Let’s Get Creative

No matter what your personality type is, engaging in small, daily acts of creativity can make us feel good.

B.Ed, M..Ed
Registered Psychologist
I have worked in schools and private practice as a teacher and a School Psychologist for over 35 years.

Doing something creative can improve your brain health and overall sense of well-being. No matter what your personality type is, engaging in small, daily acts of creativity can make us feel good, not just in the moment, but over the long term according to the findings of an American and New Zealand research team who studied the creative activities of over 650 youth.

Repetitive creative motions like knitting, painting or writing can activate flow, a state where you are completely absorbed in something, which floods your brain with dopamine, the brain’s feel good chemical. Engaging in a creative activity is comparable to meditation for calming the brain and body. Even just gardening or sewing releases this natural anti-depressant.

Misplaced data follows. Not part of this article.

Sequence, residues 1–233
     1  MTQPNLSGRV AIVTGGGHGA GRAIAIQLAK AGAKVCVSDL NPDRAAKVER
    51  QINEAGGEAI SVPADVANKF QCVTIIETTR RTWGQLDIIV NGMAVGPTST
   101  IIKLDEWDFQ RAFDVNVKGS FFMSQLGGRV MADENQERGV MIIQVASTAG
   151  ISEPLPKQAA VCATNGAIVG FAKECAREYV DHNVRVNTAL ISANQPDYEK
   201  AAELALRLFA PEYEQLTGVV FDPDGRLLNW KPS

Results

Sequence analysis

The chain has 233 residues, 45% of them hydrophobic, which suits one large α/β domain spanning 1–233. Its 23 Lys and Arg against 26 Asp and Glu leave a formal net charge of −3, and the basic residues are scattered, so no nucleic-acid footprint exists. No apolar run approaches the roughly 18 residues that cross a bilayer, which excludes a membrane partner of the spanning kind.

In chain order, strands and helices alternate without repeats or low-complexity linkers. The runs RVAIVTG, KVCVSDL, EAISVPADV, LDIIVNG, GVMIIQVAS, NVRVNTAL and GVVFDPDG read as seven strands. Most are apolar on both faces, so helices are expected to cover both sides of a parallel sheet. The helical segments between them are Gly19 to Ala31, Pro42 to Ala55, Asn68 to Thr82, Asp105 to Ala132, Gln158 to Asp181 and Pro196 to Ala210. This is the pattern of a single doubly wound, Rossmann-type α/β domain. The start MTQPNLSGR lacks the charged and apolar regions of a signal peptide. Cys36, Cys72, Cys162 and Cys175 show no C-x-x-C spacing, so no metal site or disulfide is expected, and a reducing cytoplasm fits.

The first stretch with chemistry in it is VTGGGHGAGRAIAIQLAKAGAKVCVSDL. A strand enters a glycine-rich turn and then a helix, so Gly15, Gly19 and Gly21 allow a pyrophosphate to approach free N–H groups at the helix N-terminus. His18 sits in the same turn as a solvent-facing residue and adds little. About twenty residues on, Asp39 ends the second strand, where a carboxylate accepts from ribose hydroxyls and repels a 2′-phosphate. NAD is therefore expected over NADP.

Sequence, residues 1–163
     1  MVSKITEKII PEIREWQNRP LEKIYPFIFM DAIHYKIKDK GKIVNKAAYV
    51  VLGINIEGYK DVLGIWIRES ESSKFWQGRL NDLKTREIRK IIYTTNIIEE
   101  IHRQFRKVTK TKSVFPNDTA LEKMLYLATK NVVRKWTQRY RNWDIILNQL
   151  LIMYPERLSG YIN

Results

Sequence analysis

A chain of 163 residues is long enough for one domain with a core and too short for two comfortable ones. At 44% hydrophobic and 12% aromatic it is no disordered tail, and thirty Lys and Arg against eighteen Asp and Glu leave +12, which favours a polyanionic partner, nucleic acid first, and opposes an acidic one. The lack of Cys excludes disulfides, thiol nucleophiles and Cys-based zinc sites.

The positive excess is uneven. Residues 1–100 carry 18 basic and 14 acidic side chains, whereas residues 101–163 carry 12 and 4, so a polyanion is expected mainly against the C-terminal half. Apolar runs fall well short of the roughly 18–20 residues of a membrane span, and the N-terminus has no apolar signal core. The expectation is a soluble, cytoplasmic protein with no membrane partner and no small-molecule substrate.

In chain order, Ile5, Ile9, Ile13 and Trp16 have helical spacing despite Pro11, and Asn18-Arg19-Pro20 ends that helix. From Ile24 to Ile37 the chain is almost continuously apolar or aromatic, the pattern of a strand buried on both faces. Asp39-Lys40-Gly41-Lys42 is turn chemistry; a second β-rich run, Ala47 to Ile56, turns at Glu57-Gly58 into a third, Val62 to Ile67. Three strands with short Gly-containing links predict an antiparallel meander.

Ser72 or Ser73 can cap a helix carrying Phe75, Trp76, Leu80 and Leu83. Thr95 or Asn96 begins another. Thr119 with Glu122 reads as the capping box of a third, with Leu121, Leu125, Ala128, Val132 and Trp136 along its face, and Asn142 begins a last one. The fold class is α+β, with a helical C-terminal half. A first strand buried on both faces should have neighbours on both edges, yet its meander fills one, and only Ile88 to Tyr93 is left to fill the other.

Creative visual pursuits such as photography or painting can help manage emotions in a productive way when life’s experiences or stressors are too difficult to put into words.

People who play a musical instrument have better connection between their right and left brain which improves overall cognitive functioning.

Incorporating creativity into the everyday life, for ourselves and our children, whether it is learning a craft, taking up cooking or singing a made- up song, is an actionable item that we can all do to take charge of our wellness.

Deborah Hinds-Nunziata
B.Ed, M..Ed Registered Psychologist I have worked in schools and private practice as a teacher and a School Psychologist for over 35 years.